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Thoughts on the UK Cyber Security Strategy

Wed, 07 Dec 2011 09:29PM

Category: Cyber Security & Threat Management

Written by Sarah | No comments

In November the UK government released the “UK Cyber Security Strategy” which can be downloaded here. There are four main objectives which will be funded by £650million over 4 years under the “National Cyber Security Programme” (NCSP). The objectives are:

  1. To tackle cybercrime and be of the most secure places to do e-business
  2. To be more resilient to cybercrime
  3. To help shape an "open, stable and vibrant cyberspace"
  4. To have knowledge, skills and capacity to carry out all cyber security objectives

The paper goes on to describe cyberspace, what the current and emerging threats are and an expansion of the four objectives listed above. Finally, in "Annex A", is a table outlying the actual implementation of the objectives. This is perhaps the most interesting bit, so if you don’t feel like reading all 42 pages, just skip to the Annex.

I was at the Symposium on Security Risk, Cybercrime and Critical Infrastructure yesterday (more in a future post) and a number of speakers spoke about this paper and what their thoughts were on it. The thing that struck me first was the number of different organisations mentioned in the paper that would be created, involved, consulted or partnered with. The main section doesn’t really talk much of a person or group who will be in charge of the coordination of this multi-organisational effort, but tucked away in the Annex on the very last page is action 6: “put in place clear leadership of cyber across Government, with a dedicated minister and oversight at the highest levels of Government”. I think this merited a little bit more of a mention, but it will be interesting to see who this is and how they can steer the direction of the NCSP, as the gist seems to be about collaborating with the right groups to get the right information to the right people at the right times. The groups mentioned in the report are (in no particular order of importance, and perhaps I’ve missed some out):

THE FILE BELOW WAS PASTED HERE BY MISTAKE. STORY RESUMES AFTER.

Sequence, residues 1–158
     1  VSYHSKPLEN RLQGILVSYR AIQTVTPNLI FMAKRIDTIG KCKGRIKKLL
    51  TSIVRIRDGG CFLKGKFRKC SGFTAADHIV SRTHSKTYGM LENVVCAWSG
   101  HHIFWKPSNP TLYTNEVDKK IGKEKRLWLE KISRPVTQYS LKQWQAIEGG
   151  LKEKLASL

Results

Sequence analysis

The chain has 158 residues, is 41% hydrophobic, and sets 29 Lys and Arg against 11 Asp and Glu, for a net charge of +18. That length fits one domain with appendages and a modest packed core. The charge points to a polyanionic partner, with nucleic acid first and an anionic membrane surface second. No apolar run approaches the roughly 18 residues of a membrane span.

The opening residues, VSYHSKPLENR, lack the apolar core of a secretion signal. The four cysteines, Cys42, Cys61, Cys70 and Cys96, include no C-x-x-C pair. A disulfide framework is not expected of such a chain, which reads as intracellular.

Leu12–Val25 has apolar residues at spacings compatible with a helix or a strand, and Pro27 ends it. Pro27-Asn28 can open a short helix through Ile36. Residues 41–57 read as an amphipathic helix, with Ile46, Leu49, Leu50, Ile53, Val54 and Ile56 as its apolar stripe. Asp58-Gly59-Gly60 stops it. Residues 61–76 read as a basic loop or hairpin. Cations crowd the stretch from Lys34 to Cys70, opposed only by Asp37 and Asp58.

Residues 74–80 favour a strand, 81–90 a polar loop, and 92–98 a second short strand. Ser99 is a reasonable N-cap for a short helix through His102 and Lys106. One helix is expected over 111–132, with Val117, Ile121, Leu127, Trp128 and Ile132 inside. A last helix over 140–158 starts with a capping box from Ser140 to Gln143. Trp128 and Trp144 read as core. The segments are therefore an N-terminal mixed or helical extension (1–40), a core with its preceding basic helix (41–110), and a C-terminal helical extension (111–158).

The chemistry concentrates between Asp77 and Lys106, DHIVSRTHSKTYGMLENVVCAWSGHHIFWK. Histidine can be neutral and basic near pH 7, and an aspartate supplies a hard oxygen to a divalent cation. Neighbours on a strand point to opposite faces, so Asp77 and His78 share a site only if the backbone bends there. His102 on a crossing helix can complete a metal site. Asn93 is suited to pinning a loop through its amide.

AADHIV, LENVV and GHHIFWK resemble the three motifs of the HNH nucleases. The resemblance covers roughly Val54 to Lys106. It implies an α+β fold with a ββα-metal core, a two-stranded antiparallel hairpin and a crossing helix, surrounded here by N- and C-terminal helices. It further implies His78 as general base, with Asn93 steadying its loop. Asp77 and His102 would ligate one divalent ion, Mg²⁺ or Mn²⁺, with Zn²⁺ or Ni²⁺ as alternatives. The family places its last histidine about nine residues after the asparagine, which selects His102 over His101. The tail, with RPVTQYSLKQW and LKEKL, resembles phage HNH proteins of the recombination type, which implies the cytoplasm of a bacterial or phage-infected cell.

• Cabinet office
    • Office of Cyber Security and Information Assurance
  • National Crime Agency
  • The Serious Organised Crime Agency (SOCA)
  • GCHQ
    • Joint Cyber Unit
  • Ministry of Defence
    • Joint Forces Command
    • Defence Cyber Operations Group
    • Global Operations and Security Control Centre
  • Home office
  • Department for business, Innovation and Skills
  • Government ICT
  • Single Intelligence Account
  • United Nations
    • Group of Governmental Experts
  • European Commission
  • External Action service
  • Organisation for Security and Cooperation in Europe
  • Centre for the Protection of National Infrastructure (CPNI)
  • Government Office for Science
  • Metropolitan Police Central e-crime Unit
  • UK Council for child Internet Safety
  • National Fraud Intelligence Bureau
  • British Retail Consortium
  • The Technology Strategy Board
  • The Engineering and Physical Science research Council
  • UK Trade and Investment
  • Broadband Stakeholder Group
  • International Telecommunications Union


Now that’s a lot of organisations or subgroups! Another one of the problems I see is the lack of clear solutions to how they will educate the general public. It mentions quite frequently that 80% of the cybercrime today can be solved using antivirus/security software, keeping up to date with the news of cybercrime and being vigilant. It’s basically down to the individuals to do this – I think if the general public could follow this advice we won’t be in the state we are in now! It mentions that by March 2012 they will have conducted research how to educate people, including in higher education, but I don’t think they are doing or will do enough for the average middle aged non tech-savvy person like my parents, who certainly aren’t going to get much out of the dull getsafeonline.org which is currently all that really exists.

One of the things a speaker at yesterday’s conference said was that the paper lacks support for self started schemes by businesses and academia. It has plenty of Government funded initiatives, but doesn’t mention helping anything else. Businesses won’t use their own initiative if they don’t think they will get the support of the NCSP, and if the groups mentioned in the report are slow to collaborate then I see this proposal taking a very long time to get its feet off the ground.

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